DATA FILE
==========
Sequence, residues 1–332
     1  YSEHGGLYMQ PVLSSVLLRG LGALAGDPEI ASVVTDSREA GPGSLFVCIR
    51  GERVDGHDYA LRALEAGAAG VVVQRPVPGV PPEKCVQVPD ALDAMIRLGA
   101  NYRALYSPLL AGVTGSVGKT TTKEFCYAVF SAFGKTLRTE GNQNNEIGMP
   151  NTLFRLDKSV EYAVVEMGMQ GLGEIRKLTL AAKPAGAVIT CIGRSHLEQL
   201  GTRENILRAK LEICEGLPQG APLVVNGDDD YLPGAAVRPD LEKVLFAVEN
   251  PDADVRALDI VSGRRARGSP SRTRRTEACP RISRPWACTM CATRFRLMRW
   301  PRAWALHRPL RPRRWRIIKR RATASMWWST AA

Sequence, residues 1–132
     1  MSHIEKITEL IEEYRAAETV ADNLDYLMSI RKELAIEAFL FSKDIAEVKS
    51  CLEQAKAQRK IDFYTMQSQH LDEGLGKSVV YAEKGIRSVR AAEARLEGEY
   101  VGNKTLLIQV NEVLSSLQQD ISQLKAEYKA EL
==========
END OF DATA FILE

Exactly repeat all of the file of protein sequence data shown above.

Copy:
Sequence, residues 1–332
     1  YSEHGGLYMQ PVLSSVLLRG LGALAGDPEI ASVVTDSREA GPGSLFVCIR
    51  GERVDGHDYA LRALEAGAAG VVVQRPVPGV PPEKCVQVPD ALDAMIRLGA
   101  NYRALYSPLL AGVTGSVGKT TTKEFCYAVF SAFGKTLRTE GNQNNEIGMP
   151  NTLFRLDKSV EYAVVEMGMQ GLGEIRKLTL AAKPAGAVIT CIGRSHLEQL
   201  GTRENILRAK LEICEGLPQG APLVVNGDDD YLPGAAVRPD LEKVLFAVEN
   251  PDADVRALDI VSGRRARGSP SRTRRTEACP RISRPWACTM CATRFRLMRW
   301  PRAWALHRPL RPRRWRIIKR RATASMWWST AA

Sequence, residues 1–132
     1  MSHIEKITEL IEEYRAAETV ADNLDYLMSI RKELAIEAFL FSKDIAEVKS
    51  CLEQAKAQRK IDFYTMQSQH LDEGLGKSVV YAEKGIRSVR AAEARLEGEY
   101  VGNKTLLIQV NEVLSSLQQD ISQLKAEYKA EL